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A sound blasts in the distance and I lay the pillow over my head. As I wallow in the place between sleep and consciousness, I curse the neighbor who selfishly uses an alarm at such an unbearable volume.

"Shut it off," I command while squeezing the pillow tighter to my ears.

But it still rings.

I toss and turn within my cocoon of blankets and realize that they are unnecessary. My anger continues to rise and it seems to make my room unnaturally warm.

I envision myself stalking the halls of my apartment building to angrily trace the sound. I see myself pounding on a door and punching the inconsiderate slob who answers the door, but this fantasy offers me no real comfort.

Could it be? Is the alarm really getting louder and is my room becoming hotter?

A distant scream causes me to sit up straight in my bed and I hear the far-off murmur of frightened voices. I leap from my bed and hurriedly pull on my jeans. Then I slip my sock-less feet into my beaten white sneakers. As I race from my room, I wiggle into my T-shirt that stinks of stale cigarettes and sweat, but it is quickly overwhelmed by the scent of burning wood.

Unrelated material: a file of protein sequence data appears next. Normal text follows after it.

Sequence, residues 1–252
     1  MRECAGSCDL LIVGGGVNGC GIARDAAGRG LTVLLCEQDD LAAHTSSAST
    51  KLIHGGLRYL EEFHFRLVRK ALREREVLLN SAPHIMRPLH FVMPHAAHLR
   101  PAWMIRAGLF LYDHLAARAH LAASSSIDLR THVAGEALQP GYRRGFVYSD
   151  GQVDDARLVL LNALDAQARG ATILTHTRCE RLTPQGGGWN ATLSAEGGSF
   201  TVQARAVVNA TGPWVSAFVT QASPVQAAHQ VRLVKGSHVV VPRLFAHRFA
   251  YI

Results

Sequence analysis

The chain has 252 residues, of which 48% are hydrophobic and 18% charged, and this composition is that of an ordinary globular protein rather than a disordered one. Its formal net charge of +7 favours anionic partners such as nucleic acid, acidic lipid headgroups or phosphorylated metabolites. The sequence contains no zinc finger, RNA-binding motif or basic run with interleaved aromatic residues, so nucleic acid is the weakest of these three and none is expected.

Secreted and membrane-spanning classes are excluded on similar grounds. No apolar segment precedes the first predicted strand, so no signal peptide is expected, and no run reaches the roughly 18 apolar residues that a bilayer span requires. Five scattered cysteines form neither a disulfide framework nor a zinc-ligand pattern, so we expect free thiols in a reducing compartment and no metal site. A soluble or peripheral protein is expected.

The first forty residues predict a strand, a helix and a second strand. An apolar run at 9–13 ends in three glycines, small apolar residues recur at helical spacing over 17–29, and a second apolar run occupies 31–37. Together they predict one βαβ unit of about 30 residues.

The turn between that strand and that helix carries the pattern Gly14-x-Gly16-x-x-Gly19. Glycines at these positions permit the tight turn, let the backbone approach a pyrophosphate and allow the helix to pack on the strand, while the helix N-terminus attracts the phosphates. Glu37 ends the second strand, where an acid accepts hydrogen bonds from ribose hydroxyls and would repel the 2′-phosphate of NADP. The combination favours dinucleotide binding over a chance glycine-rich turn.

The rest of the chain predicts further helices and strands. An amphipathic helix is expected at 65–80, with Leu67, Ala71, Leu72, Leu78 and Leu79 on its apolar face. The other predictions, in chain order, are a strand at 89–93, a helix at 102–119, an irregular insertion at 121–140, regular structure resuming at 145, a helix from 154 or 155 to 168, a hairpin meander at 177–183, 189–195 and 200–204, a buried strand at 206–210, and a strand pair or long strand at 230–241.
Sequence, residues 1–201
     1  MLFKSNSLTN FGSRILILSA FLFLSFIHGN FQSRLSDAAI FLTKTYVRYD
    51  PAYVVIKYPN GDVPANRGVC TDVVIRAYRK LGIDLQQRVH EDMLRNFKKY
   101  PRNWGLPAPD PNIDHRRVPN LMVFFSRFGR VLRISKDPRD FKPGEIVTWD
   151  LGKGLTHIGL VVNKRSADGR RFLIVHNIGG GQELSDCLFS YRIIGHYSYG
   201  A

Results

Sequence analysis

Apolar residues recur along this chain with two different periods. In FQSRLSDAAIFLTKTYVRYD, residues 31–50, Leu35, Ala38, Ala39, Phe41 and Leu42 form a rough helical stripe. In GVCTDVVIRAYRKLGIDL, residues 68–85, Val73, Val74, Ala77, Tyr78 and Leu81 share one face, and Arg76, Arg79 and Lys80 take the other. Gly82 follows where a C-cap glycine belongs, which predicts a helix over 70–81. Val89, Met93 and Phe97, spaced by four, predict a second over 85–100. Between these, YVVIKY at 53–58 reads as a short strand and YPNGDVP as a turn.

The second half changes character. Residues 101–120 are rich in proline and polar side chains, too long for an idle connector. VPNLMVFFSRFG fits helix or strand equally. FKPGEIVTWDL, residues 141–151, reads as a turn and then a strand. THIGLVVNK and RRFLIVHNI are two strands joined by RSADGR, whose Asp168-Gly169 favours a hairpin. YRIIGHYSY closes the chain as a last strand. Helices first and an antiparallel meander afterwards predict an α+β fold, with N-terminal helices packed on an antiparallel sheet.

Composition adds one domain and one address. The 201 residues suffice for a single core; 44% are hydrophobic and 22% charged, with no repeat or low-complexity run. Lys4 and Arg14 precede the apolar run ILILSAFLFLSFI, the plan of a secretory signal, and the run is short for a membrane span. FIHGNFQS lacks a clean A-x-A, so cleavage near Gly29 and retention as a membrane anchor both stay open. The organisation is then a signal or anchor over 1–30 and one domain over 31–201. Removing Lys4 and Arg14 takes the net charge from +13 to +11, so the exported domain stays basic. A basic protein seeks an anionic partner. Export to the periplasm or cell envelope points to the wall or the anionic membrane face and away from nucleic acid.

I stare at my apartment's door and I am horrified to see thin waifs of gray smoke that are wiggling into my room.

"My baby. My baby!" A woman pleads above the sirens and the steady rumble of fire burning unabated.

I tap at my doorknob to check its temperature and gratefully, it is cool. Then, I rip the door open and step into a cloudy hall. I look to my left and see a wall of flames, but to my right, the way was clear...